Baptism and Ordination

As an adult, I never had to figure out how to live out my spiritual life separately from my work life. My own spiritual practices and vitality were central to my vocation. And in my vocation I publicly worked out my spirituality.

Now, though, I don’t work in the church. I have an office downtown, and I park in a parking garage and walk to my office carrying my briefcase like all the other “business people.” For the first time in my adult life I am having to figure out how to live out my faith outside the work of the church. It’s harder than I thought it would be.

This morning I woke up thinking about the prophet Jeremiah’s word to the Jewish people who were living in exile. They had been separated from the temple in Jerusalem, which had been the center of their world—certainly the center of their faith practice. I like this word “exile.” Jeremiah gives these exiles living in a strange land a word from God that will tell them what they are to do.

And the word he gives is not to do the natural things that people in exile want to do:
1) Live in past or
2) Wait for the future.

This is what they are to do in the present:
“Thus says the Lord of hosts, the God of Israel, to all the exiles whom I have sent into exile from Jerusalem to Babylon: Build houses and live in them; plant gardens and eat what they produce. Take wives and have sons and daughters; take wives for your sons and give your daughters in marriage, that they may bear sons and daughters; multiply there, and do not decrease. But seek the welfare of the city where I have sent you into exile, and pray to the Lord on its behalf, for in its welfare you will find your welfare.” (Jeremiah 29)

Build houses and live in them.
Plant gardens.
Establish relationships.
Work for the welfare of the city where you find yourself and pray to God on its behalf.

Last week, as a part of my job, I took a group of people to visit John T. White Elementary School. John T. White is one of five Fort Worth ISD Leadership Academies—campuses that have struggled mightily for a number of years and that were reconstituted last year with new a new staff, new approach, and new resources. John T. White serves one of the highest-need populations in the district, and they have been on the state’s “Improvement Required” list since the school first opened about eight years ago. Practically all of the students are economically disadvantaged. And many lack stability—moving from apartment to apartment every few months. John T. White has a 40% mobility rate—40% of their student population turns over over the course of a year.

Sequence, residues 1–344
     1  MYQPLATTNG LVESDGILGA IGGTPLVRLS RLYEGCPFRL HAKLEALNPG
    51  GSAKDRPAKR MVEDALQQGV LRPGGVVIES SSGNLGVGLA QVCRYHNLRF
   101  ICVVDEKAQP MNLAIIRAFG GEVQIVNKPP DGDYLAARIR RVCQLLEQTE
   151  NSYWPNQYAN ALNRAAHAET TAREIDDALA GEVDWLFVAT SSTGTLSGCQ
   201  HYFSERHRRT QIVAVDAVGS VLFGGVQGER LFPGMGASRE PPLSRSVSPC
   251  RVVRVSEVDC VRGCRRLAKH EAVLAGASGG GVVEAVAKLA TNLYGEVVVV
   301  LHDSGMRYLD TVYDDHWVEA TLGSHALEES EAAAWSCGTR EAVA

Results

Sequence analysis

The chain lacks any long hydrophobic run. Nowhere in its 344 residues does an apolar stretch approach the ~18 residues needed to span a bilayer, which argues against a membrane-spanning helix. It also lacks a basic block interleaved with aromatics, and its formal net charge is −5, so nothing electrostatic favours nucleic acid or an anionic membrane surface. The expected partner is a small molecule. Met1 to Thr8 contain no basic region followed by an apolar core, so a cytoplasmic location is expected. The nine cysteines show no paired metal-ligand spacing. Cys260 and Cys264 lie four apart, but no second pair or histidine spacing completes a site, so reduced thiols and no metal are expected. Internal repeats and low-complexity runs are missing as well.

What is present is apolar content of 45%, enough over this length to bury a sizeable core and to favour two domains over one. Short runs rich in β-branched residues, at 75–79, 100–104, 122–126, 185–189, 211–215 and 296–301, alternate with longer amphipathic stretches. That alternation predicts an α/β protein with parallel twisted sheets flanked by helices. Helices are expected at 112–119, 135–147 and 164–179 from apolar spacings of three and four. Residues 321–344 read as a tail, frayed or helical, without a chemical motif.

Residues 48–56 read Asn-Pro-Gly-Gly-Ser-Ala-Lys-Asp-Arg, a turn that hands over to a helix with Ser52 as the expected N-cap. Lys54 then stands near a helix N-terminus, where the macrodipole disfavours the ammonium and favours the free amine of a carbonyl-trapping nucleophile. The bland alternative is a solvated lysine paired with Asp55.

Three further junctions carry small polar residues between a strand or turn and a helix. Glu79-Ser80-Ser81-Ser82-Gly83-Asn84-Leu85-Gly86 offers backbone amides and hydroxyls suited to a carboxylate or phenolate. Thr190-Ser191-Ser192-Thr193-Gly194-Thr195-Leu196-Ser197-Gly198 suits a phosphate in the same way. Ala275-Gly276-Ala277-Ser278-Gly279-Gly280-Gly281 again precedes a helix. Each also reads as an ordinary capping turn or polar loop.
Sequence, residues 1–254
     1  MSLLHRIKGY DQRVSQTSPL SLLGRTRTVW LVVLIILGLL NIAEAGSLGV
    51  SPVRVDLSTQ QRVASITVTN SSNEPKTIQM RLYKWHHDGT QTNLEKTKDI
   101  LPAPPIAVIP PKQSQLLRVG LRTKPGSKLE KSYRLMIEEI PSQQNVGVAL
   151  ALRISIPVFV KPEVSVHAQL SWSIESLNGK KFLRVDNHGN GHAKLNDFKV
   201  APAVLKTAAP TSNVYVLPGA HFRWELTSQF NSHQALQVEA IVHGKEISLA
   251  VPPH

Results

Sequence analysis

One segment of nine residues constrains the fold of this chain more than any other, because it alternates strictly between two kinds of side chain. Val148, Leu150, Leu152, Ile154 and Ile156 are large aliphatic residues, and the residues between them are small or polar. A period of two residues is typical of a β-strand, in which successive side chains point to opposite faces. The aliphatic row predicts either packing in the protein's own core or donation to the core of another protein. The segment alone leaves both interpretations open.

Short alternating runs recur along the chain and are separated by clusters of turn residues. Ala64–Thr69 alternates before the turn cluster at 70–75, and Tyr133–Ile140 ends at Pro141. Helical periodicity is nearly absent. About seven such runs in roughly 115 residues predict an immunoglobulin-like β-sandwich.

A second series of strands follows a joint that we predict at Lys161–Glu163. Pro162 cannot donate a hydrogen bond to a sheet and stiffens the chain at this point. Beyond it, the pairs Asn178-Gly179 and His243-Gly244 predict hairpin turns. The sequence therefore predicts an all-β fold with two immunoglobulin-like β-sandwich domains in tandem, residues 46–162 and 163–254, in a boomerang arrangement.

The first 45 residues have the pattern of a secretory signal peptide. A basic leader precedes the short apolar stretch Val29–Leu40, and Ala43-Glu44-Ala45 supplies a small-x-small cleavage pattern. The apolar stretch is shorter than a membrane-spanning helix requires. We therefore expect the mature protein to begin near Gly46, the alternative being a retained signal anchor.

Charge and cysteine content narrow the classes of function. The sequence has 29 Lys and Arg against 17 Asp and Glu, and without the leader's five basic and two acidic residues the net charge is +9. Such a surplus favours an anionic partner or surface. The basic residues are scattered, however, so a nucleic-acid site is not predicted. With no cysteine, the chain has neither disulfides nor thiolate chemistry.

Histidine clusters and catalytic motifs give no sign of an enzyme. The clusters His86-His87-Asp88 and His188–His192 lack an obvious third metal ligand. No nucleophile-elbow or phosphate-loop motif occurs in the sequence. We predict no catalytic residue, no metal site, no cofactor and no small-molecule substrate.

After one year as a Leadership Academy, John T. White has done something amazing. They moved from a state rating of an “F” to a “B” in one year. In their socioeconomic category, John T. White ranks number one in the state in academic improvement. The culture of the school and the behavior of the kids has changed dramatically, too.

Walking through the school last week, led by four 5th grade student council officers, it is impossible not to be deeply moved seeing these precious children doing so well. The trajectories of lives are being changed.

Every teacher at that school, every principal, every district employee involved in this work is seeking the welfare of the city in which they find themselves. They are “building houses” and “planting gardens.” They are doing God’s work.

Martin Luther said that there is a difference between a Christian’s office and a Christian’s vocation. Luther said that our offices are what we do for a living—
pastor—and that none of these is any dearer to the heart of God than another.

Whatever our individual offices in the world, our vocation is to serve God through them—to be God’s person in the world. That’s the vocation that all of us share, and we live out our vocation through our individual offices.

This is what Luther wrote 500 years ago:
“Only look at your tools, your needle, your thimble, your beer barrel, your articles of trade, your scales, your measures, and you will find this saying written on them. You will not be able to look anywhere where it does not strike your eyes. None of the things with which you deal daily are too trifling to tell you this incessantly, if you are but willing to hear it; and there is no lack of such preaching, for you have as many preachers as there are transactions, commodities, tools, and other implements in your house and estate, and they shout this to your face: ‘My dear, use me toward your neighbor as you would want him to act toward you with that which is his.’”

I’m trying to come to terms with the idea that the moment I was called by God, the moment I was called to ministry, was not at my ordination in my early 20s as a seminary student but at my baptism years before. You and I, we have this in common: we are God’s people in the world.

Build houses and live in them.
Plant gardens.
Establish relationships.
Work for the welfare of the city where you find yourself and pray to God on its behalf.

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